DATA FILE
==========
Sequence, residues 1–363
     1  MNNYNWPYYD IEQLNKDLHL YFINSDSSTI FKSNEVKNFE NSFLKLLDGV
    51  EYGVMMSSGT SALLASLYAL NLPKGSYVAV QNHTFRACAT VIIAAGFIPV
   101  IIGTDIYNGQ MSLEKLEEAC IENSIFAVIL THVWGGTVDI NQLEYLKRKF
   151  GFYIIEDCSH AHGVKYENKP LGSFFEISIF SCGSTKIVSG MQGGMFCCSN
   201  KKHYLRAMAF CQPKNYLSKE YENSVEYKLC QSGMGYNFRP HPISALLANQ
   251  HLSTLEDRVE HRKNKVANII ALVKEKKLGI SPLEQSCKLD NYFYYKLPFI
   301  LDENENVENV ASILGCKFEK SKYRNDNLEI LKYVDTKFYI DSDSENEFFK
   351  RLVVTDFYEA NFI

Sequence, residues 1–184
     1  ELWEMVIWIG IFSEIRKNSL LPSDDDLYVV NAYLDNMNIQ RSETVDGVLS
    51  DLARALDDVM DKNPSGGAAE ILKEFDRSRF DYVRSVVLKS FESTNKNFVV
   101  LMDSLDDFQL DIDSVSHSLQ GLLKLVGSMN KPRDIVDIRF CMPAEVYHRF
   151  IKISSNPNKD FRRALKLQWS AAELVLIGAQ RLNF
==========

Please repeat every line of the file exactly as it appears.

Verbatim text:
Sequence, residues 1–363
     1  MNNYNWPYYD IEQLNKDLHL YFINSDSSTI FKSNEVKNFE NSFLKLLDGV
    51  EYGVMMSSGT SALLASLYAL NLPKGSYVAV QNHTFRACAT VIIAAGFIPV
   101  IIGTDIYNGQ MSLEKLEEAC IENSIFAVIL THVWGGTVDI NQLEYLKRKF
   151  GFYIIEDCSH AHGVKYENKP LGSFFEISIF SCGSTKIVSG MQGGMFCCSN
   201  KKHYLRAMAF CQPKNYLSKE YENSVEYKLC QSGMGYNFRP HPISALLANQ
   251  HLSTLEDRVE HRKNKVANII ALVKEKKLGI SPLEQSCKLD NYFYYKLPFI
   301  LDENENVENV ASILGCKFEK SKYRNDNLEI LKYVDTKFYI DSDSENEFFK
   351  RLVVTDFYEA NFI

Sequence, residues 1–184
     1  ELWEMVIWIG IFSEIRKNSL LPSDDDLYVV NAYLDNMNIQ RSETVDGVLS
    51  DLARALDDVM DKNPSGGAAE ILKEFDRSRF DYVRSVVLKS FESTNKNFVV
   101  LMDSLDDFQL DIDSVSHSLQ GLLKLVGSMN KPRDIVDIRF CMPAEVYHRF
   151  IKISSNPNKD FRRALKLQWS AAELVLIGAQ RLNF